Besides Mitch Konsker, Paul Glickman and Alexander Chudnoff, all of whom you work with extensively, Matt Astrachan seems to be on fire. I read about a new deal every day. He’s kind of a rock star.
He’s got good PR, I think. No, you know, first of all, he’s a fabulous broker and he’s involved with a lot of stuff. Honestly, that’s another point on the agency side: It’s thinking about the asset, where it is, who’s going to be attracted to it, and then putting the right people on it.

Since shifting to Jones Lang LaSalle, have you won all of your clients back finally?
I did. I transitioned over some of my big clients—really all of my clients—from C&W over to here, thankfully, which is always a very stressful situation. So now my machine is back up and running. Last year, a lot of my time was spent transitioning clients, or hoping to transition clients over. Now that’s finished and the machine is up and running again.

What does that entail? Do you have to win over each of your clients’ hearts and minds?
The clients put the accounts up for the review. And then we compete.

And so you got all of these guys back. That’s gotta be satisfying.
It was good, but I gotta tell ya, I lost a lot of hair worrying about it.

Speaking of the first quarter, give me an example of a deal you completed over the past several months with a national client, especially where it concerns a tenant in a New York building.
In one case, I just finished a deal Downtown. But you know at the same time, I’ve had a large transaction that hopefully is going to close very soon—100,000 square feet in Boston.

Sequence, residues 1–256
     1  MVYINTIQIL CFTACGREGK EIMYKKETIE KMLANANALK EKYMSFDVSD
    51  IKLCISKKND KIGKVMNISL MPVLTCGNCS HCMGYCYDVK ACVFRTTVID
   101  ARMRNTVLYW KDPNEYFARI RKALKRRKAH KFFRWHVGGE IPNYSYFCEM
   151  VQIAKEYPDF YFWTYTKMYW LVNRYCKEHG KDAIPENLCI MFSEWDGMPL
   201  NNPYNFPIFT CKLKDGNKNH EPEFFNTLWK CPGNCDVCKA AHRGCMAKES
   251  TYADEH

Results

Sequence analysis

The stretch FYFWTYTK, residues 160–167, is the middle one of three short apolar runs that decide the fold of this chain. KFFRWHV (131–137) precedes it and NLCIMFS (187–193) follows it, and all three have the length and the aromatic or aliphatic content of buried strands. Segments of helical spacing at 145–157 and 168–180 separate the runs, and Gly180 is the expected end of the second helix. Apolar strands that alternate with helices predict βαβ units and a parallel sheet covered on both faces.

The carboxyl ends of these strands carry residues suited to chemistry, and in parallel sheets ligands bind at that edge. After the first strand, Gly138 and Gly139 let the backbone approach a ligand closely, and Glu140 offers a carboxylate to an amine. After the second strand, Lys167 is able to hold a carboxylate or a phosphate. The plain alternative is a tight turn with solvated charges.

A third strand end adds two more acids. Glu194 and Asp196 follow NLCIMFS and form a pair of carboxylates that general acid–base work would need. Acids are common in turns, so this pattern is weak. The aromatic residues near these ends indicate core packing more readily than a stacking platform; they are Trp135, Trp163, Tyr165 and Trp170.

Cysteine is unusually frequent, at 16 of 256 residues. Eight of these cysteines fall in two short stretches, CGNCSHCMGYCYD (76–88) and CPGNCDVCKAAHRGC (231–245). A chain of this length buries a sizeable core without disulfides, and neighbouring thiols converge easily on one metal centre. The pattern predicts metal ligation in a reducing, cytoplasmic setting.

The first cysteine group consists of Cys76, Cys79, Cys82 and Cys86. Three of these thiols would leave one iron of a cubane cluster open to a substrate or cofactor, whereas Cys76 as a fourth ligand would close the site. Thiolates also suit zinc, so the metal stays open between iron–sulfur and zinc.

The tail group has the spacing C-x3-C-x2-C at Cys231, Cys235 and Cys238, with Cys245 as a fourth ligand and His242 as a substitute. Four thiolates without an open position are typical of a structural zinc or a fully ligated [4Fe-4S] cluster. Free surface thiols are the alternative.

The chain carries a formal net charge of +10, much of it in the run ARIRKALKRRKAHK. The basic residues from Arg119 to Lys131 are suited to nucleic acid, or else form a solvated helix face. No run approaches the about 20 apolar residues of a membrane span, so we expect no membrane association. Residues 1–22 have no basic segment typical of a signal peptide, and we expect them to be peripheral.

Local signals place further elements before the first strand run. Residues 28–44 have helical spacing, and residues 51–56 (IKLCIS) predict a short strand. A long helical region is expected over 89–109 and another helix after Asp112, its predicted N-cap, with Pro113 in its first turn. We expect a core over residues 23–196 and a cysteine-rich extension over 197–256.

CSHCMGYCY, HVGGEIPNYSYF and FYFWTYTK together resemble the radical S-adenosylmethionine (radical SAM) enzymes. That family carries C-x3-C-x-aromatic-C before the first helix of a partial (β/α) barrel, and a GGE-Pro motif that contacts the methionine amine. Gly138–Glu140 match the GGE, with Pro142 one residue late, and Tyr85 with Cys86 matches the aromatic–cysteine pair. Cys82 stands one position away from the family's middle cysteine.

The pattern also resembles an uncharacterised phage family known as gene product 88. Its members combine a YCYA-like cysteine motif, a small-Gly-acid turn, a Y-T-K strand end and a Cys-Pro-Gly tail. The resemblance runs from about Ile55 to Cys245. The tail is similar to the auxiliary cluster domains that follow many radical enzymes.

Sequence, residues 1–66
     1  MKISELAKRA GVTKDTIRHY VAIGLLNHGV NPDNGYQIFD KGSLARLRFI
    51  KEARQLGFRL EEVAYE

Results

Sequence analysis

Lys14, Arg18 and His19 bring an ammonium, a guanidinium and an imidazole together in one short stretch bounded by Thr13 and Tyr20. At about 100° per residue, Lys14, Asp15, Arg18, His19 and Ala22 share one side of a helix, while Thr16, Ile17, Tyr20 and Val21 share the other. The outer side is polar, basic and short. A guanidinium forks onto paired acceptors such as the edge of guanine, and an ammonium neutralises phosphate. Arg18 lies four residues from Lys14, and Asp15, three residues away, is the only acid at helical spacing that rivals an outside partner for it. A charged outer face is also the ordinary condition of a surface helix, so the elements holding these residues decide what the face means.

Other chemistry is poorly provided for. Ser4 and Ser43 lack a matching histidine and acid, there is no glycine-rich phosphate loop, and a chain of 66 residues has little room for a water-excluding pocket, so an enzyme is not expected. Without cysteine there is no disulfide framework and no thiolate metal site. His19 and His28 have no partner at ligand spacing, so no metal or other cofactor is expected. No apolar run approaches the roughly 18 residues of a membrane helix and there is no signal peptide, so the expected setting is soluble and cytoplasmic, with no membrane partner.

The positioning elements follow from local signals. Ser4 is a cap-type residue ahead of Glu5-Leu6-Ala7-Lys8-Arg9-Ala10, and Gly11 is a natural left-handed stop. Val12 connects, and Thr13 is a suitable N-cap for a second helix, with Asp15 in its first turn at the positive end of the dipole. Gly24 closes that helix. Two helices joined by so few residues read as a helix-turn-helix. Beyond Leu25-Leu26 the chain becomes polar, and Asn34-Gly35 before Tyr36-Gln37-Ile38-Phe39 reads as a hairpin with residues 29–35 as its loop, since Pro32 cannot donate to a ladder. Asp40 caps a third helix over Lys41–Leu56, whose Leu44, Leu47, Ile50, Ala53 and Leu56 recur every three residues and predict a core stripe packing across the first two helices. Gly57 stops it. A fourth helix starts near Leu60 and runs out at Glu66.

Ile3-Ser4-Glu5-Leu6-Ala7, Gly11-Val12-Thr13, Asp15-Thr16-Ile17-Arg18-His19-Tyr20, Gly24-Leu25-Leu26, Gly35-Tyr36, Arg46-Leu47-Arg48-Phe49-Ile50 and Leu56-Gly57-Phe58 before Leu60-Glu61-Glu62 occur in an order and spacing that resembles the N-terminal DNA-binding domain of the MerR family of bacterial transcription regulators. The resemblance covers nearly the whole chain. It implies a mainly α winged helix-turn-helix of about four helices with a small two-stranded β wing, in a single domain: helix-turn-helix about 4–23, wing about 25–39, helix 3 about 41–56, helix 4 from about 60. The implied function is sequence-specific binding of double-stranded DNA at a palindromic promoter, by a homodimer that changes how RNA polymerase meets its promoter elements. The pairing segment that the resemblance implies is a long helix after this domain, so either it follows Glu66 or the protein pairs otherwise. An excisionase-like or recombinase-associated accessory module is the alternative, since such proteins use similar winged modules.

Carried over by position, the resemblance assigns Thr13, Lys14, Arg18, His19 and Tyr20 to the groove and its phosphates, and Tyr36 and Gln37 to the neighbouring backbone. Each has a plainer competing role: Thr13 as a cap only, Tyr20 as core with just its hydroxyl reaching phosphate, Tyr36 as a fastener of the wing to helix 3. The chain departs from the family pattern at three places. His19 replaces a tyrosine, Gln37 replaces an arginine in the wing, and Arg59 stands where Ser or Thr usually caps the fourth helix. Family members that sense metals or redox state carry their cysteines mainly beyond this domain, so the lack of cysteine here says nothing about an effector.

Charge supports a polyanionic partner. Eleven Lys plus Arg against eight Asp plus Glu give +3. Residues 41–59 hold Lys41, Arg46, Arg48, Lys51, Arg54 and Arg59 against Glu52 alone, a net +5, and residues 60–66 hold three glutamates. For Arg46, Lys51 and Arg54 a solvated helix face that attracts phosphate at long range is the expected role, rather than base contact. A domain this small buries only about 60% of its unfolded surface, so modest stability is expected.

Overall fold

Oh, really?
Yeah. And we’re also looking at about 70,000 square feet in Washington, D.C.

Besides New York, where are you seeing the most leasing activity?
You know, with me, it depends on where the client is looking. We proactively look at different markets and if there’s an opportunity to jump in and a make a good deal, we’ll do that. But a lot of it is based on the climate and what’s happening in a particular location in the business model.

Do a lot of clients strive to break into New York? Is it harder for them here than anywhere else?
They are here, and it’s rarely a matter of breaking in. They are here. But, you know, I did have one situation about six months ago where it was a client coming in from out of town, and they didn’t have a presence in the Northeast. They were based in the Midwest and were exploring where to move their hedge fund. And in this particular case, they opt to go to Stanford, Conn.

And why was that?
Internal reasons that I can’t really get into, but mainly costs.

What are your predictions for the next quarter?
It’s really funny, but, just in the past few weeks, I’ve seen a lot of activity pick up, in my own portfolios and then also from what I’ve been hearing within the firm. The first quarter was certainly very slow, and you can sense it. But every one I’ve spoken to as of late agrees that there seems to be more activity now on the agency side and the tenant rep side.

I wonder why such a rosy prediction? Is it because they can see what is in the pipeline?
Or there’s a sense that now’s a good time to be exploring what kind of deals are out there.

As recently as three weeks ago, everyone in real estate was saying the exact opposite. Are your colleagues really that optimistic, or are you putting on a show for the journalist?
No, I agree. A month ago, I was absolutely, totally in agreement.

Is there a sense that anything will be better than the first quarter that just passed?
That seems so negative, that statement. I’m not really seeing it. I do have an opportunity to know what’s going on in the agency that the company is working on. I see and hear what’s happening, and in almost every single case there’s a whole lot of activity going on, and I mean that. It’s not just tire kickers; it’s serious proposals and leases out.

jsederstrom@observer.com